I believe it was the celebrated food critic, the late AA Gill who said; “The single greatest invention of the twentieth century? Easy. There is no contest. Eggs Benedict.”

The simplest combination of a toasted English muffin topped with a tangy, creamy sauce with the slight give of a perfectly poached egg, all layered over salmon peeking pinkly out from underneath is something akin to heaven. And then that luxurious ooze of silky golden yolk as the knife bites gently into the egg, it’s molten glow cutting through the lemony acidity of the Hollandaise to rest gently in a small pool on your plate, waiting to be mopped up with a measured mouthful of salmon and muffin.

I’m pretty sure that by now you realise how Benedict-barmy I am…

Hollandaise is usually the component that gets most hot under the collar at the thought of homemade Eggs Benedict, but I’m happy to say that I’m living proof that its not as tricky as it sounds. My secret is consistency, and not falling for those “cheat” methods. After experiencing many flops, I can say with certainty that the old way is the best way.

That is, to whisk until one’s biceps burn and the kitchen air is blue with cursing. But the resulting sauce, a smooth pale gold in colour and carrying a subtle hint of acidity is entirely worth the effort. Below is my fail-safe recipe for perfect Hollandaise. Get that whisking arm ready!

Hollandaise 

Prep time: 3 mins / Cook time: 10 mins / Serves: 2

You will need:

  • 3 large organic egg yolks
  • 2 tablespoons of freshly squeezed lemon juice
  • 50g of salted Lurpak butter, at room temperature
  • 1 teaspoon of white vinegar
  • 1 teaspoon of water
  • pinch of salt

In a bain marie or double-boiler (glass bowl set just above simmering water), add the egg yolks and 1 tablespoon of lemon juice. Using a small whisk, beat the yolks and lemon together until they form a sabayon. This happens when the lemon juice emulsifies the egg yolks and they thicken and take on a lighter hue. To know when you’ve reached this point, the mixture should cling to the whisk and you should be able to see the bottom of the glass bowl when you drag your whisk through it. The mixture should still be amorphous but if it gets too thick, add a little more lemon juice and whisk.

Once you have reached your sabayon stage, add in your butter, a small amount at a time, and continue whisking until it has melted and combined into the egg yolks. Whisk in all the butter, adding the white vinegar – this gives the Hollandaise a lovely light colour and a tangy flavour. Remember to keep the water under your bain marie gently warmed but not boiling or simmering to ensure that you don’t end up with scrambled eggs. If your sauce is getting too hot and clumping, simply remove from the heat and add a touch of water to dilute. The trick with Hollandaise is timing, but to keep the finished sauce fresh, remove from the heat and place a piece of clingfilm directly onto the top of the sauce to prevent it from forming a skin. To reheat, simply place back over the simmering water (I use the leftover water from the poaching pan – see below) and whisk until smooth and silky again.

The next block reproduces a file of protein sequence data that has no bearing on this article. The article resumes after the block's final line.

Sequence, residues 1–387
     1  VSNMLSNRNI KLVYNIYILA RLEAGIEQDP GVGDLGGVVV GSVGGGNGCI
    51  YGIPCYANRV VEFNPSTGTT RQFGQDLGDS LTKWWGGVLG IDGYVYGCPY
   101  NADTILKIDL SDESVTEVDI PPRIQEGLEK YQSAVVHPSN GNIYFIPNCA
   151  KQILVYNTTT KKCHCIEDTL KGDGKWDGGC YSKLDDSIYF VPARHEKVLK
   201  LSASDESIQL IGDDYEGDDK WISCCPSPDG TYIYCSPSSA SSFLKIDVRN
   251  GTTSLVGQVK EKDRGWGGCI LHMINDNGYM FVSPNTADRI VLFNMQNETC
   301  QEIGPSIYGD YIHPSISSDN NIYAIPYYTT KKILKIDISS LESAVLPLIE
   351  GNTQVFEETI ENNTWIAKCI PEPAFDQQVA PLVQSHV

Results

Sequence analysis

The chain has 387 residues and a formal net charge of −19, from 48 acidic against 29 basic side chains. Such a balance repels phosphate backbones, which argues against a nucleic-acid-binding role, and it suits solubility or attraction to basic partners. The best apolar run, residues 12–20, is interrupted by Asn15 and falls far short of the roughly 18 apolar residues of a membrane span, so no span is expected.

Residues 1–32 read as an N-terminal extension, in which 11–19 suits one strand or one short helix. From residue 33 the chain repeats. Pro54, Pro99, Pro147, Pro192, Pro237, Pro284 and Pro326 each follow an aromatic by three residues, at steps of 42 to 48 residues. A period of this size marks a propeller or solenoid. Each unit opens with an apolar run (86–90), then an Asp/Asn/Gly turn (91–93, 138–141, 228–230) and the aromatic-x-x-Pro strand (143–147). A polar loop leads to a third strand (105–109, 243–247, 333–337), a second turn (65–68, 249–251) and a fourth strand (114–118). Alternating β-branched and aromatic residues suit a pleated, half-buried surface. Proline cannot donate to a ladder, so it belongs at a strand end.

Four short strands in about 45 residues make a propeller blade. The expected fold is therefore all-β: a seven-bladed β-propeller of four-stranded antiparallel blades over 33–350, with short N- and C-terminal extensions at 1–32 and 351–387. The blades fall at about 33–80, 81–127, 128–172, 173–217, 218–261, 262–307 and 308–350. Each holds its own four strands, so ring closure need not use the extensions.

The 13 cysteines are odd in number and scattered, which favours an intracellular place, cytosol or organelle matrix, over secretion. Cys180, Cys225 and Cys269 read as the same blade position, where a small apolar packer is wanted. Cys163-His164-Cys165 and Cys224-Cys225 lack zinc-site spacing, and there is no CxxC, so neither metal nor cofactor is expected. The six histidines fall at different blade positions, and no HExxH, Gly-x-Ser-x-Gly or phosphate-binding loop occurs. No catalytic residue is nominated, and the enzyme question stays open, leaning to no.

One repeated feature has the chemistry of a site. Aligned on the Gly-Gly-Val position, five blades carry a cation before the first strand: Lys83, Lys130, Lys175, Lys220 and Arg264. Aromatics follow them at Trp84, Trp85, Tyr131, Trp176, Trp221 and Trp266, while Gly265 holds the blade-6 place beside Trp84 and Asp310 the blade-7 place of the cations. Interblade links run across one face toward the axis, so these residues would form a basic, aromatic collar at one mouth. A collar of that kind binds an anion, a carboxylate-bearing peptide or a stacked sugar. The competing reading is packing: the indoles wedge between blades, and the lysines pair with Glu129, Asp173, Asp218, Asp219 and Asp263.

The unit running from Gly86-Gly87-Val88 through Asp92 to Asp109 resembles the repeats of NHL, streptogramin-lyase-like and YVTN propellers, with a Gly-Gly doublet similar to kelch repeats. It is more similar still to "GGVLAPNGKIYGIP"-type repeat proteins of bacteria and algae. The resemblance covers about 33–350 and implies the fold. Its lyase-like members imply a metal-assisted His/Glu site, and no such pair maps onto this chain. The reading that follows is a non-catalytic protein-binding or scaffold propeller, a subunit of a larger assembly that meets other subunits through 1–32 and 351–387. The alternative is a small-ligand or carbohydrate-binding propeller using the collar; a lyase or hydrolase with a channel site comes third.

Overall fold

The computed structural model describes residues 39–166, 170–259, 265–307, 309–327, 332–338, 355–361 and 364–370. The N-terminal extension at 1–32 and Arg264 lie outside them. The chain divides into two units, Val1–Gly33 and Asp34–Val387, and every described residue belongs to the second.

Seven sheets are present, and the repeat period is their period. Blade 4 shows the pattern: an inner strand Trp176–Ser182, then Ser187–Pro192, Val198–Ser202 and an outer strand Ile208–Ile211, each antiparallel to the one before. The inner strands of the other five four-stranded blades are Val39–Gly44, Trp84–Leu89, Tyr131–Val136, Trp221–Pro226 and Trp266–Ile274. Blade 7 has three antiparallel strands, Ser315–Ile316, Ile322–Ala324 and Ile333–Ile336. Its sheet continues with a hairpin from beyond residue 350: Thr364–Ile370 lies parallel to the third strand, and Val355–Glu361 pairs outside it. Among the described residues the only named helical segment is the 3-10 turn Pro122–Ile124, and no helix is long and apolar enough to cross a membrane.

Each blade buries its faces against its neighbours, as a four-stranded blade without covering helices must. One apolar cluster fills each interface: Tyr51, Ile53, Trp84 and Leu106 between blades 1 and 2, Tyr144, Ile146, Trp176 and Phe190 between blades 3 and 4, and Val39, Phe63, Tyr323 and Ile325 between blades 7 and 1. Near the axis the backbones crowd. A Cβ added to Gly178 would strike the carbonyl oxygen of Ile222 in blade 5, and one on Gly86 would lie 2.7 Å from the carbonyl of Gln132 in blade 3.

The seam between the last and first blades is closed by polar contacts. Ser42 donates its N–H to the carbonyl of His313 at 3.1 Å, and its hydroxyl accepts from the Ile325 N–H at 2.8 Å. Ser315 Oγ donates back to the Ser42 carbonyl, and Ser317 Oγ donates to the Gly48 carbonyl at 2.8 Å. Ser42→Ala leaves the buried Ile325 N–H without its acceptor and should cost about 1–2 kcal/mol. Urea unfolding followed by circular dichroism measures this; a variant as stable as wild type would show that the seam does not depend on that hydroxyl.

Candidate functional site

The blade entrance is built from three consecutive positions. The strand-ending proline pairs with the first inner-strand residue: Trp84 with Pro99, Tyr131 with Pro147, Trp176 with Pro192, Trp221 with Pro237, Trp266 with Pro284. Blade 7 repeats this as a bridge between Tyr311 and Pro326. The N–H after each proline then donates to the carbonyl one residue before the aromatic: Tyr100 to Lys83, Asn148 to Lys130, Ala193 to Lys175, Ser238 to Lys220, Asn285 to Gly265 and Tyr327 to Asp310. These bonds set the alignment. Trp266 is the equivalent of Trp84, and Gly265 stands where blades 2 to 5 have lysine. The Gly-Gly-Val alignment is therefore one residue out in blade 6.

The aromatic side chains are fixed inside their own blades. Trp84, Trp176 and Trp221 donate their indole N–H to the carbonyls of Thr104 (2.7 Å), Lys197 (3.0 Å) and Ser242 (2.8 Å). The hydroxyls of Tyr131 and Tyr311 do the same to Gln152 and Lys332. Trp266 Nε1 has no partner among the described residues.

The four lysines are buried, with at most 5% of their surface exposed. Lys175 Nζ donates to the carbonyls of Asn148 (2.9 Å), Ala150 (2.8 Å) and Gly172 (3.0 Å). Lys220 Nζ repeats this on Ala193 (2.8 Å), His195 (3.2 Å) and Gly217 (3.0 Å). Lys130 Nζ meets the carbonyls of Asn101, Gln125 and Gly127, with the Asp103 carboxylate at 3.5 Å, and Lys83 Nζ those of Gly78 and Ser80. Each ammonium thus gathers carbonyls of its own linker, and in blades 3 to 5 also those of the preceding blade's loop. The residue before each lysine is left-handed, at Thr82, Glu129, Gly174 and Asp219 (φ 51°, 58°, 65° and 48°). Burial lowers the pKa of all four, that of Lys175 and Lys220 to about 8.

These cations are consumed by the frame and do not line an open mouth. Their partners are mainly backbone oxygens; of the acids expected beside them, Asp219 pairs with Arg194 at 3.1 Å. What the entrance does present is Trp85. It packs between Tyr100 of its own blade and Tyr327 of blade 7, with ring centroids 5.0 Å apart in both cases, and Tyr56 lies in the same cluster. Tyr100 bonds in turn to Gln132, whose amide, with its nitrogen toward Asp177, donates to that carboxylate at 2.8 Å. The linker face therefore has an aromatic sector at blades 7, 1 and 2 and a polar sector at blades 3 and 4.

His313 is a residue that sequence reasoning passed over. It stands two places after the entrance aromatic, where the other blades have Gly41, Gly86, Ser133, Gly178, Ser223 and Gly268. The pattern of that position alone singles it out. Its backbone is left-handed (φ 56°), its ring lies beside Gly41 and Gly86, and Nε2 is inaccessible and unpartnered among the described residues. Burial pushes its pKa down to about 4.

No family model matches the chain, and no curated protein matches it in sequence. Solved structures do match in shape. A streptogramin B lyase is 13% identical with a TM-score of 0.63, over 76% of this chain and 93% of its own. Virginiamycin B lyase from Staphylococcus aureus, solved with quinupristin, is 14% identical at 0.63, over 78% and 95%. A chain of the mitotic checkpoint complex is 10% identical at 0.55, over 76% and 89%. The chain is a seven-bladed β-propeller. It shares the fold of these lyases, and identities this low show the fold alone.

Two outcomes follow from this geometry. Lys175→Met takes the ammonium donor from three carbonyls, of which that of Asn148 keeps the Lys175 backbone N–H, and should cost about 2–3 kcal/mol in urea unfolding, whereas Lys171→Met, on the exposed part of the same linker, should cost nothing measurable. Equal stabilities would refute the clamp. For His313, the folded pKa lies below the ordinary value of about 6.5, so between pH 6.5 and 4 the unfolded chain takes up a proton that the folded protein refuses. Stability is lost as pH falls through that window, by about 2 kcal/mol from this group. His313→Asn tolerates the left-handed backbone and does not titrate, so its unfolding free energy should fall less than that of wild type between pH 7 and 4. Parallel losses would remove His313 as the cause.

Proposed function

Perfectly poached eggs

Prep time: 0 mins / Cook time: 3 mins / Serves: 2

You will need:

  • 4 large organic eggs, at room temperature
  • 3 tablespoons of white vinegar
  • 2 bagels or English muffins, halved and toasted
  • 100g smoked salmon trout
  • 1 tablespoon finely chopped chives

Meanwhile, set a small pot of water boiling and add a good glug of white spirit vinegar. Crack each egg into a small cup and when the water is boiling, stir to create a whirlpool then gently lower the eggs into the swirling water. Cook on medium to high heat for about 3 minutes for a runny yolk and remove from the water using a slotted spoon. This allows the egg to drain without losing its beautiful round shape. Butter the English muffins and top with a swirl of smoked salmon trout, making a small well in the middle for the poached egg to rest in. Slide the egg into the well and top with a generous dollop of that flawless Hollandaise and sprinkling of finely chopped chives.

Of course, the world is your egg when it comes to this dish, but remember to partner complementary flavours so as not to detract from the delicate nuances that are unique to Eggs Benedict. When salmon is out of the budget, a few slices of crispy bacon or Black Forest ham work just as well – so do spring onions, grilled mushrooms and roasted cherry tomatoes for a vegetarian version.

CLASSIC EGGS BENEDICT WITH LURPAK BUTTER

CLASSIC EGGS BENEDICT WITH LURPAK BUTTER

CLASSIC EGGS BENEDICT WITH LURPAK BUTTER

CLASSIC EGGS BENEDICT WITH LURPAK BUTTER

CLASSIC EGGS BENEDICT WITH LURPAK BUTTER

CLASSIC EGGS BENEDICT WITH LURPAK BUTTER

CLASSIC EGGS BENEDICT WITH LURPAK BUTTER

CLASSIC EGGS BENEDICT WITH LURPAK BUTTER

CLASSIC EGGS BENEDICT WITH LURPAK BUTTER

CLASSIC EGGS BENEDICT WITH LURPAK BUTTER

CLASSIC EGGS BENEDICT WITH LURPAK BUTTER

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